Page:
"We've attended a series of your public seminar on managing key accounts. The topics we discussed and tools you provided were very useful for our sales team. In fact, we are now able to serve our key accounts better because we learned to understand them and their business more.  There was a rather short portion in your seminar where you provided guide questions for salespeople to ask their key accounts so they get more meaningful answers.  We are now preparing to negotiate for our annual contract with our key accounts. We’d highly appreciate if you can provide us with some more guide questions to help us generate more relevant information from our accounts." – Alex Fran
I find it interesting that most salespeople are not trained to listen and ask the right questions to their customers. There are very good sales training programs in the market that focus on presentation skills and techniques to handle customer objections or complaints.  While they are undoubtedly good communication tools, they lack the ability to generate a more in-depth information about your customer’s business and strategies. As a result, less meaningful insights are also generated and recycled from these encounters. When salespeople are trained to ask the right questions, they are usually compensated with insightful answers that pave the way for a better account plan.
With space constraint, here are laundry list of questions you can begin to discuss with your sales team.

To understand your customer’s met and un-met needs you may ask the following:

1.     What are your business needs that have been satisfied by most of your suppliers? Why are they important to you?
2.     Who are in the top of the list in providing your needs and how are they doing it?
3.     What are your business needs that have not been satisfied (or are under-served) by most of your suppliers? Why are they important to you?
4.     Why do you think they remain un-served or under-served by your suppliers? What can suppliers do?

Their answers to these questions can lead you to discover where and how you can position yourself in the customer to gain an advantage. For example, if you can find out a real business need that remains unmet by any of their suppliers, you can develop a value proposition that’s not only unique (no one is doing it yet) but also value-adding for the customer (i.e. satisfying an unmet need).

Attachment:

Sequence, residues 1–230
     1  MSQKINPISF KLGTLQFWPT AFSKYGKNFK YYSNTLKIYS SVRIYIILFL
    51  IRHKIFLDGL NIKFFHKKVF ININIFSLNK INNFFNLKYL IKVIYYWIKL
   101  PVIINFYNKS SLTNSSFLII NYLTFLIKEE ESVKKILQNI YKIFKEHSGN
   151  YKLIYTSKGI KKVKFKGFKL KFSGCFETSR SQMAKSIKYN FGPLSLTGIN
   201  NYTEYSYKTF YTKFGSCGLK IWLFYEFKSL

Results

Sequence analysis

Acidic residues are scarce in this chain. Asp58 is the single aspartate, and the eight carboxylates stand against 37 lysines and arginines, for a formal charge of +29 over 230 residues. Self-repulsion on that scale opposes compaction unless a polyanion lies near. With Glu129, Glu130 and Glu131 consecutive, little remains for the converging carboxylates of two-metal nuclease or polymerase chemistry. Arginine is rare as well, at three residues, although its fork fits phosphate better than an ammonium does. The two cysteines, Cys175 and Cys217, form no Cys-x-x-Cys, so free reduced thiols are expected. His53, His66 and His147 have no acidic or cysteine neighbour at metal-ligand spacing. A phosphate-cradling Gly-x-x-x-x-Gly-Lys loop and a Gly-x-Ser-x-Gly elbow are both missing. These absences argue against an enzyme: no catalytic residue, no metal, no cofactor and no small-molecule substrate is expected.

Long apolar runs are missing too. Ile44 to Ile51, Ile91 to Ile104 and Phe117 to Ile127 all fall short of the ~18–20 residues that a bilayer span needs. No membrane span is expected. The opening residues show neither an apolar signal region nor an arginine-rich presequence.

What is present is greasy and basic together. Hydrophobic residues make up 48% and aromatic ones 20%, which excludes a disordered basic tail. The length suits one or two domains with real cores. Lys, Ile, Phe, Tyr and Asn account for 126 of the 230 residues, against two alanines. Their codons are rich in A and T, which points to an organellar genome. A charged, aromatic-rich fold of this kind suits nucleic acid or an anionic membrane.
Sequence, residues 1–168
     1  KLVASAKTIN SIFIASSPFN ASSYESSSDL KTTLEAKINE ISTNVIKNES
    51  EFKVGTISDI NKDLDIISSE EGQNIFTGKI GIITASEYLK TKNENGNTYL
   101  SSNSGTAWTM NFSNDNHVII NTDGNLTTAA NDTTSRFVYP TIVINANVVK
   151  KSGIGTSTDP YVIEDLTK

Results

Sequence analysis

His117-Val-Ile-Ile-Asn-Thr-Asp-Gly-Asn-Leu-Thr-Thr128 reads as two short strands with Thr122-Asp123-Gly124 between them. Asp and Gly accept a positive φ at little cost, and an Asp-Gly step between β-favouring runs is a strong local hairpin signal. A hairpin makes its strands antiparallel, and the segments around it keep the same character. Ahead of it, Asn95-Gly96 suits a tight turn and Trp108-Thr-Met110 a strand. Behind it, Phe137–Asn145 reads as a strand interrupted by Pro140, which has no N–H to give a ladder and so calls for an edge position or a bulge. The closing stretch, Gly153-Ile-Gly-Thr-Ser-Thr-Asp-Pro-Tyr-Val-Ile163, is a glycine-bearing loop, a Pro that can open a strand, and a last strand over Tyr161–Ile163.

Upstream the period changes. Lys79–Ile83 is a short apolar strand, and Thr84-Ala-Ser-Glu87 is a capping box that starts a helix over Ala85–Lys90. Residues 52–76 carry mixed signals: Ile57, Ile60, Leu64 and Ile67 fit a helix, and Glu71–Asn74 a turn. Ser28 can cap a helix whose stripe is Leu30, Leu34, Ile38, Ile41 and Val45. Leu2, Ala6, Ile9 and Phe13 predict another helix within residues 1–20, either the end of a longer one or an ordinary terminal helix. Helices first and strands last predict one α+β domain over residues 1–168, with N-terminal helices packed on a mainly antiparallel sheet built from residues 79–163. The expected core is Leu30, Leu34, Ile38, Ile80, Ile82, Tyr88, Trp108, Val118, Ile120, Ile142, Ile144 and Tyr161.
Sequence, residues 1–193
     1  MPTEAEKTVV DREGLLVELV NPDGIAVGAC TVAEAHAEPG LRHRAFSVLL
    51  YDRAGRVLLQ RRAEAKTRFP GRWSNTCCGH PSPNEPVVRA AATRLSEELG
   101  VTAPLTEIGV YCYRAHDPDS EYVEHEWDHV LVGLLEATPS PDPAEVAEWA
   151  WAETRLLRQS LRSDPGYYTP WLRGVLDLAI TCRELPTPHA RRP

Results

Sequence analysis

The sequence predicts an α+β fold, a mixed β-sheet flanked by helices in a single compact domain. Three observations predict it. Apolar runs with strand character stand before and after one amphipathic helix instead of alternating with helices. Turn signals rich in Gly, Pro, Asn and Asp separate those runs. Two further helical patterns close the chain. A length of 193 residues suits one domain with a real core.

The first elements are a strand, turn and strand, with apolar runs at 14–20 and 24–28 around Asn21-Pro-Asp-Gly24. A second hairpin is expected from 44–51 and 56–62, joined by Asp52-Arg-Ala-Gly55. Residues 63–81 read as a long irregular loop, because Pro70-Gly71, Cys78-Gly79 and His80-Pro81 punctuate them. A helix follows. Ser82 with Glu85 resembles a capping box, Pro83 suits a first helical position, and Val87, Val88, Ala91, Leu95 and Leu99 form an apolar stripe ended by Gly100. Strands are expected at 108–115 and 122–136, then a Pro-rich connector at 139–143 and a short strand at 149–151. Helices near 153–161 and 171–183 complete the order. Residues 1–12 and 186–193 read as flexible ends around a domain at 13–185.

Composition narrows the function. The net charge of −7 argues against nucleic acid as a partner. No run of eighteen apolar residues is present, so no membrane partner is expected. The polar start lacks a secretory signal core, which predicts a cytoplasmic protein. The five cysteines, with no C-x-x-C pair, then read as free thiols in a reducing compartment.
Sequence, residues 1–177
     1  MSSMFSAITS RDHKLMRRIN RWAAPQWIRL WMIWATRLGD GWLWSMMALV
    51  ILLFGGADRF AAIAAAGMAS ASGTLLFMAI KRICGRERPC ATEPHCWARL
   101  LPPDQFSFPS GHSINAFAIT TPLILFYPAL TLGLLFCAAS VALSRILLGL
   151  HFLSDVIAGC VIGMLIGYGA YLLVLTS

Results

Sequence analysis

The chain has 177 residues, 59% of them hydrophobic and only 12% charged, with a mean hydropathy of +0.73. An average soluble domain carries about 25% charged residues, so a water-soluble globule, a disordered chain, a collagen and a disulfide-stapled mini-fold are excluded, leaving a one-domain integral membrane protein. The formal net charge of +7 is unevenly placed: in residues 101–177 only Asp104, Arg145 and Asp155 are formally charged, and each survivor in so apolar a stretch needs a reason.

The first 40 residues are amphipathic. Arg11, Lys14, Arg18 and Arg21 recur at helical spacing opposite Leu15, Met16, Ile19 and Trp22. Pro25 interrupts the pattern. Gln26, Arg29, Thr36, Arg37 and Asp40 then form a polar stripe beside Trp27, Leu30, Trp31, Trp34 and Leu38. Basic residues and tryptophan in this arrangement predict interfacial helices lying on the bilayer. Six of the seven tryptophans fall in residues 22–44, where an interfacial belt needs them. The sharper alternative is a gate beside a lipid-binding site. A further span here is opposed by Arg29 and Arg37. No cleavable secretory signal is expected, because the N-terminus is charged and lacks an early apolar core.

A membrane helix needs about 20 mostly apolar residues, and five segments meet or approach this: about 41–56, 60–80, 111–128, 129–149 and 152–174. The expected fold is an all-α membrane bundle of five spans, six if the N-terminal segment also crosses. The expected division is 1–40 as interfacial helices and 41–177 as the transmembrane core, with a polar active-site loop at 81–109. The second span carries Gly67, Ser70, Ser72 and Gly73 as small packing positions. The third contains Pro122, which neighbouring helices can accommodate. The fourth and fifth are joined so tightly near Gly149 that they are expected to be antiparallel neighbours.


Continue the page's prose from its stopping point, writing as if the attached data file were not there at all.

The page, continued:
To understand your customer’s business strategy, ask these:

1.     Who do you think are your main competitors?
2.     What are they doing right that’s hurting your market position and business?
3.     What are your competitive advantages over them?
4.     What are you doing right so far? What are the factors contributing to your successes? How can these successes be leveraged?
5.     What financial measures are you most keen about? How can suppliers help and still remain profitable?
6.     How do you create market value?
7.     What are key factors that differentiate your product or service from those of your competitors?
8.     What are the most important things you need to be doing differently to be more successful in the future?
9.     What will your customers expect in the future that they consider exceptional today?
10. Which of your competitive advantages will be most difficult to maintain as the future unfolds?
Training salespeople to understand the customer’s business strategy helps provide a helicopter view of the customer’s business. From this vintage point, the salesperson sees patterns and discovers a number of opportunities to help the customer develop its business. This is a far cry from merely negotiating for purchase orders or to get a check payment from the customer.
While these guide questions you requested are very helpful for your purpose, I suggest you take time to discuss and evaluate each question with your sales team. Using them requires a good deal of preparation and skill to deliver the questions with smooth confidence. I’d be delighted to get feedback from you soon after you have applied these power questions.  More power to you and your sales team!

Emilio Macasaet III is the Chief Distribution Strategist of Mansmith and Fielders, Inc. He will be running the program 6th Key Account Management on November 12-13, 2014. For more information, email info@mansmith.net, call (+63-2) 584-5858 / 412-0034 or text (+63) 918-81-168-88.